Can the intestinal dysmotility of critical illness be differentiated from postoperative ileus?

Kirk A. Caddell, Robert Martindale, Stephen A. McClave, Keith Miller

Research output: Contribution to journalArticle

28 Scopus citations


Gastrointestinal dysmotility is commonly noted in the intensive care unit and postoperative settings. Characterized by delayed passage of stool and flatus, nausea, vomiting, and abdominal distention, the condition is associated with nutritional deficiencies, risk of aspiration, and considerable allocation of health care resources. Knowledge of gastrointestinal function in health and illness continues to expand. While the factors that precipitate ileus differ between postoperative and critically ill patients, the two clinical scenarios seem to have similar mechanisms and share many of the same pathophysiologic patterns. By reviewing and comparing the literature on the respective mechanisms and contributing factors generated in these separate clinical settings, a common more comprehensive management strategy may be derived with the potential for newer innovative therapeutic options.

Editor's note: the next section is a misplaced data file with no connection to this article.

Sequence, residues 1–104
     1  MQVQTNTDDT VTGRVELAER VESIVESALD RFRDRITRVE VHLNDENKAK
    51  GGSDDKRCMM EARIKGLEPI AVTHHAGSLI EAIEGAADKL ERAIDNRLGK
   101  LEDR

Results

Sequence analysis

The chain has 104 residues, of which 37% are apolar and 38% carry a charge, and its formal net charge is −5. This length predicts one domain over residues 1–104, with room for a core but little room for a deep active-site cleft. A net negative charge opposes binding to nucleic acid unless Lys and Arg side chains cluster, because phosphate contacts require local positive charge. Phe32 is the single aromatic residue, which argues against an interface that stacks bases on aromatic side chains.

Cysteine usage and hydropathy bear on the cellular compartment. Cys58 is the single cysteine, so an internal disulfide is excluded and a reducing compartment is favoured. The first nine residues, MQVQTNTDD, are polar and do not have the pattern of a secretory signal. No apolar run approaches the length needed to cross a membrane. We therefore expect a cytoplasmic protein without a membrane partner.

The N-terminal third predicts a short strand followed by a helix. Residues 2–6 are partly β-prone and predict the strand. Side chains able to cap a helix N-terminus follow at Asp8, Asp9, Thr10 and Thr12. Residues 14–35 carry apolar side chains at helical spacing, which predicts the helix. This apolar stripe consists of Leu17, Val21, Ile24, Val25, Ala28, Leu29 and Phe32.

Original languageEnglish (US)
Pages (from-to)358-367
Number of pages10
JournalCurrent gastroenterology reports
Issue number4
StatePublished - Aug 1 2011



  • Critical care
  • Delayed gastric emptying
  • Dysmotility
  • Gastrointestinal motility
  • Ileus
  • Intestinal dysmotility
  • Paralytic ileus
  • Post-operative ileus

ASJC Scopus subject areas

  • Gastroenterology

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